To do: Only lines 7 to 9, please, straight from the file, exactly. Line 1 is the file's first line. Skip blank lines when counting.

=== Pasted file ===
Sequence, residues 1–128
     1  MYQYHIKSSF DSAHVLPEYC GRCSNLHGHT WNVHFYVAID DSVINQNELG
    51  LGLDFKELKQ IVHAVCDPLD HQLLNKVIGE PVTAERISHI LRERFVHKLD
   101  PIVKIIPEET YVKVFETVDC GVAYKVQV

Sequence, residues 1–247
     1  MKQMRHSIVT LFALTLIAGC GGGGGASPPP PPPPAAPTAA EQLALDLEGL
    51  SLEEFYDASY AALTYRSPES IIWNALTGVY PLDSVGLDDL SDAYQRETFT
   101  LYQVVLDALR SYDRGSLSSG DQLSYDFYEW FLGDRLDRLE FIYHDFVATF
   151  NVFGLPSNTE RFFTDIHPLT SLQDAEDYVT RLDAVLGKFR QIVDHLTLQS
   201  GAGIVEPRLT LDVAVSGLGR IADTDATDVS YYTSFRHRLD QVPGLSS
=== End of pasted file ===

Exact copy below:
    51  SLEEFYDASY AALTYRSPES IIWNALTGVY PLDSVGLDDL SDAYQRETFT
   101  LYQVVLDALR SYDRGSLSSG DQLSYDFYEW FLGDRLDRLE FIYHDFVATF
   151  NVFGLPSNTE RFFTDIHPLT SLQDAEDYVT RLDAVLGKFR QIVDHLTLQS